Workplace Injuries and Illnesses Show Some Changes from 2019 to 2020

Image by Karuvadgraphy from Pixabay
Published On
Dec 2, 2021

The Bureau of Labor Statistics (BLS) released its annual report on workplace injuries and illnesses for 2020. The estimates in the BLS report come from the Survey of Occupational Injuries and Illnesses (SOII).

According to the National Safety Council (NSC), “the results are not surprising but are very interesting,” with the COVID-19 pandemic playing “a unique role” in impacting workplace injuries and illnesses. “As expected, we saw a drop in workplace injuries and an increase in illnesses,” said the NSC. In addition, it reports, “A very concerning shift in 2020 was that for the first time ever, women experienced slightly more injury and illness involving days away from work than men.”

“The decline in injury and illness cases was due to a drop in injury cases, with private industry employers reporting 2.1 million nonfatal injuries in 2020, down from 2.7 million in 2019,” the BLS report stated.

According to the report, the rate of injury cases fell in 2020, with private industry employers reporting a rate of 2.2 cases per 100 full-time equivalent (FTE) workers, down from 2.6 cases in 2019.

At the same time, it added, total reported illness cases more than quadrupled to 544,600 cases, up from 127,200 cases in 2019. This increase was driven by a nearly 4,000% increase in employer-reported respiratory illness cases in 2020 at 428,700, up from 10,800 in 2019.

Over the same period, the rate of illness cases increased from 12.4 cases per 10,000 FTE workers to 55.9 cases.

“The increase was driven by the rise in the respiratory illness rate, which rose from 1.1 cases per 10,000 FTE workers to 44.0 cases,” according to the BLS report.

In 2020, the median number of days away from work in all private industry occupations was 12 days, an increase from 8 days in 2019.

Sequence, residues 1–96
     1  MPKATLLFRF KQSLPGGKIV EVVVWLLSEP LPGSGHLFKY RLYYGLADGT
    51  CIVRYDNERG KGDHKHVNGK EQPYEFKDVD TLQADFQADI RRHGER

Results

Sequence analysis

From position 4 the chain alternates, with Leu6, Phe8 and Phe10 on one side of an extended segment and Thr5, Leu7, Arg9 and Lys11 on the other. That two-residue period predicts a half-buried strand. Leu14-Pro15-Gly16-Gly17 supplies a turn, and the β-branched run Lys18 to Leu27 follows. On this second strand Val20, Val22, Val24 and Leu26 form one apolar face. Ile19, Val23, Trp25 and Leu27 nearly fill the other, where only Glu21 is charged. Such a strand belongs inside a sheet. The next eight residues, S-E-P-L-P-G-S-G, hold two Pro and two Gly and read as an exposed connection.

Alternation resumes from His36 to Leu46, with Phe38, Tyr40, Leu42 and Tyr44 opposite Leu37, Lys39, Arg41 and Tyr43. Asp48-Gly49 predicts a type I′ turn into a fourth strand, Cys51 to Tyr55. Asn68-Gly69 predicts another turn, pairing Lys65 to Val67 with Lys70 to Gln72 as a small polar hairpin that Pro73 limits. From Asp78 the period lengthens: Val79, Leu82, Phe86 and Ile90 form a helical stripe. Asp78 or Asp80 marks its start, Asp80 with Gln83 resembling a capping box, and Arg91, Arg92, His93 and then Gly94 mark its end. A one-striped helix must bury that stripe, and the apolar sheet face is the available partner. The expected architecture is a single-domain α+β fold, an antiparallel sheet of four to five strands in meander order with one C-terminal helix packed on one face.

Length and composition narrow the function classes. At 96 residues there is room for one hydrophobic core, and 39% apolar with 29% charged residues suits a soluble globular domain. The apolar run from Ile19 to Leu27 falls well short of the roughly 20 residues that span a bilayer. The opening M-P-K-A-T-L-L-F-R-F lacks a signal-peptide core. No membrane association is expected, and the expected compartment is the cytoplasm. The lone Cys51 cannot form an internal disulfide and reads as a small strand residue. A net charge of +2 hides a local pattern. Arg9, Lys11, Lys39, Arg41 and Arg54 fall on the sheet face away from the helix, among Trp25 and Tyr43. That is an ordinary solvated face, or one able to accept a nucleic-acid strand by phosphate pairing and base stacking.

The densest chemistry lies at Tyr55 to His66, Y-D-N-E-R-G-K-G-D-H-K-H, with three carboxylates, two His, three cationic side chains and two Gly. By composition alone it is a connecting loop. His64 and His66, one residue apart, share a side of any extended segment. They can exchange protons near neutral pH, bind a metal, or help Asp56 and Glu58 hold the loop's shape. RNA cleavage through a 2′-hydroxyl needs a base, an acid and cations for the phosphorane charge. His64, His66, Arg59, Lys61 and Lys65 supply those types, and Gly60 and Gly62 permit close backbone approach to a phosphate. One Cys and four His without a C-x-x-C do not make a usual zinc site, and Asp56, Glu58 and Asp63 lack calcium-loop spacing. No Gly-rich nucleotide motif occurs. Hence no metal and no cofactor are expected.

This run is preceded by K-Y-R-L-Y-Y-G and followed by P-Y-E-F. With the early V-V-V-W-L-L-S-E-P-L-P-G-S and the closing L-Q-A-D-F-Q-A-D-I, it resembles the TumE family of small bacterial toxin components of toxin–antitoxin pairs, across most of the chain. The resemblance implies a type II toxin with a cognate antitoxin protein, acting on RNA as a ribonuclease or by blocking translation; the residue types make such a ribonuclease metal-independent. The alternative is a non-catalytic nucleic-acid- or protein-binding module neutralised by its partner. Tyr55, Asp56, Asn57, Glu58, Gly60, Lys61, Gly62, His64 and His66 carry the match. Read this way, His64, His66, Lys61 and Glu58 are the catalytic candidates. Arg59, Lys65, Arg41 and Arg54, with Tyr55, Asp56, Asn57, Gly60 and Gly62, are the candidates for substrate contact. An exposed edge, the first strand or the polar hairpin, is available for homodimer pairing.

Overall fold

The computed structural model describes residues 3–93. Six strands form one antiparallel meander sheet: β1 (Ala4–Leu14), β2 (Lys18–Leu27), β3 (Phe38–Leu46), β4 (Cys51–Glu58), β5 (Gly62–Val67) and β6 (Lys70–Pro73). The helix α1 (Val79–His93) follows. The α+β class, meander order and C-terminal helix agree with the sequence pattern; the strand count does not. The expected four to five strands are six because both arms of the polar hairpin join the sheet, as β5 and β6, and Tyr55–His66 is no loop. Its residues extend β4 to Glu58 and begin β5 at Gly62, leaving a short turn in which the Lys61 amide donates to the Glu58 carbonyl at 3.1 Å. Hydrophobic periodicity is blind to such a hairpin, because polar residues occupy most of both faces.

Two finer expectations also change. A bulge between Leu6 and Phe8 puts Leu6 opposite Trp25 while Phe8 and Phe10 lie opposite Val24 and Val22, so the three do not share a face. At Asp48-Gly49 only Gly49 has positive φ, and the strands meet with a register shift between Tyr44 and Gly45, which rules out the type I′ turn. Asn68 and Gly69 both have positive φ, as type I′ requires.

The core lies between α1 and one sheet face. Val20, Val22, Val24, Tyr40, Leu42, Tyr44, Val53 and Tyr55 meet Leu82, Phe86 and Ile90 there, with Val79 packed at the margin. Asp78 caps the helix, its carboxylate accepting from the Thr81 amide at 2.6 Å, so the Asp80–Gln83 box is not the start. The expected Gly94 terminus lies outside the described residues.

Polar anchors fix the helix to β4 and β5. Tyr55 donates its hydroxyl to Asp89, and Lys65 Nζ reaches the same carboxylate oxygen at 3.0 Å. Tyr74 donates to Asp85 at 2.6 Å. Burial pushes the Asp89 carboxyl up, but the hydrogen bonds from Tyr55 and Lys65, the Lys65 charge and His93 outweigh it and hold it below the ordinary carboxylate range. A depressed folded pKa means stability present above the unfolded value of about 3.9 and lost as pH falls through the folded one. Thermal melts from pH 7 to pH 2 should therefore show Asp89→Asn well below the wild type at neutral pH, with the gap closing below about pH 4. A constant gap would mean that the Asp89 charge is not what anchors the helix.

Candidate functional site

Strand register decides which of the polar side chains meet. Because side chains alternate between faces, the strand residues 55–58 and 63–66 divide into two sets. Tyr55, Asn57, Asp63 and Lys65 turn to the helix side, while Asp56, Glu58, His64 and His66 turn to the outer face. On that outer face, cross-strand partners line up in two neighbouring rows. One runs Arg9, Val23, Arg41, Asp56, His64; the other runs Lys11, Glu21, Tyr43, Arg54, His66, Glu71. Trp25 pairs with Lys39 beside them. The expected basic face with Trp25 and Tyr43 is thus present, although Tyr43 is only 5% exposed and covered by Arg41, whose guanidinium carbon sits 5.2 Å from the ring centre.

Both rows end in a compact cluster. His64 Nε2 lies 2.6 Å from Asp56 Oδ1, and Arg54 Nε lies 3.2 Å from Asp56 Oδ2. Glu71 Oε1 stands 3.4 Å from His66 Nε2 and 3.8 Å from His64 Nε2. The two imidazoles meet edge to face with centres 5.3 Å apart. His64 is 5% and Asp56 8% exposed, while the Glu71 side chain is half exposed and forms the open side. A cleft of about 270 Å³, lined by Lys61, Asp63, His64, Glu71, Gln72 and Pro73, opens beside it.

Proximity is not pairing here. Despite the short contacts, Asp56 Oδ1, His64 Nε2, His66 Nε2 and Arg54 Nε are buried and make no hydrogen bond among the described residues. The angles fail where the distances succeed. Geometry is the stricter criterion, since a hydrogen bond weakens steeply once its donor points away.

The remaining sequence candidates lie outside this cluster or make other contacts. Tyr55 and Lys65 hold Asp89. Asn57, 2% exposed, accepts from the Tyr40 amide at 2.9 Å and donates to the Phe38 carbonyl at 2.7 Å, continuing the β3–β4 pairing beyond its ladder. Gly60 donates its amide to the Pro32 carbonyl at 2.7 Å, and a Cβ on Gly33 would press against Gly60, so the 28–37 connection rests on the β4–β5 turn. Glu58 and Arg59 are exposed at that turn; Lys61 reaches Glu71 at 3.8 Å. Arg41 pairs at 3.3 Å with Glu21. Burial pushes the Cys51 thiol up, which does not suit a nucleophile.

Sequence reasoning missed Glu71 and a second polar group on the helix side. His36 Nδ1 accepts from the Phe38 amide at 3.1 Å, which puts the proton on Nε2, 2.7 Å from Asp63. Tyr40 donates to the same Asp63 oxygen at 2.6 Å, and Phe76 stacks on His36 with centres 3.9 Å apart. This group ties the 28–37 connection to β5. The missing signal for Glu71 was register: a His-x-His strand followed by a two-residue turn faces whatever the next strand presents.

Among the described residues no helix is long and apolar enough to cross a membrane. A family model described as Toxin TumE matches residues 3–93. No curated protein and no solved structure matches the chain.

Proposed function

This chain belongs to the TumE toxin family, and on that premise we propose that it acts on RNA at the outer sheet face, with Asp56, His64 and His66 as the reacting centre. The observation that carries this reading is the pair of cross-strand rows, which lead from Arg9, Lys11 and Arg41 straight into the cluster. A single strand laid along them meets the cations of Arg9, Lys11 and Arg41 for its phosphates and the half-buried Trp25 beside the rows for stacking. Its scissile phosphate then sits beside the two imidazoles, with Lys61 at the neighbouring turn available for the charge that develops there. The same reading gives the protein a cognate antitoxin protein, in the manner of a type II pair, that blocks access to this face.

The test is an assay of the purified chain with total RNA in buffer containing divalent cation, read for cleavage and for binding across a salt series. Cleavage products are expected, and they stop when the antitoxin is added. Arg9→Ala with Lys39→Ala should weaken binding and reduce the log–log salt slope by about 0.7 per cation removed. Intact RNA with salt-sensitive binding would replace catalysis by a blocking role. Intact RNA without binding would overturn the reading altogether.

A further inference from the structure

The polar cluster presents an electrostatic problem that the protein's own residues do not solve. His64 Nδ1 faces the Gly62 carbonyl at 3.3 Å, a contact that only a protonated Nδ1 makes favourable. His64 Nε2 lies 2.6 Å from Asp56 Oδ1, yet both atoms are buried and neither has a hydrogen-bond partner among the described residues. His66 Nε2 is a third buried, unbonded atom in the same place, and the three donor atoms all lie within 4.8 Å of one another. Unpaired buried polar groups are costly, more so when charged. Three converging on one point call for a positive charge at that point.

In terms of specific industries that employ large numbers of electricians, the incidence rate of nonfatal occupational injuries and illnesses in the utilities sector was 1.5 per 100 full-time workers in 2020, down from 2.2 per 100 full-time workers in 2019. The rate in the construction sector was 2.5 per 100 full-time workers in 2020, down from 2.8 per 100 full-time workers in 2019. In manufacturing, the rate was 3.1 per 100 full-time workers in 2020, down from 3.3 per 100 full-time workers in 2019.

This news release is the first of two releases from BLS covering occupational safety and health statistics for the 2020 calendar year. This SOII report presents estimates of counts and incidence rates of employer-reported nonfatal workplace injuries and illnesses by industry and type of case, as well as detailed estimates of case circumstances and worker characteristics for cases that resulted in days away from work. A second release, planned for Dec. 16, 2021, will provide results from the Census of Fatal Occupational Injuries of all fatal work injuries occurring in the United States during the calendar year.

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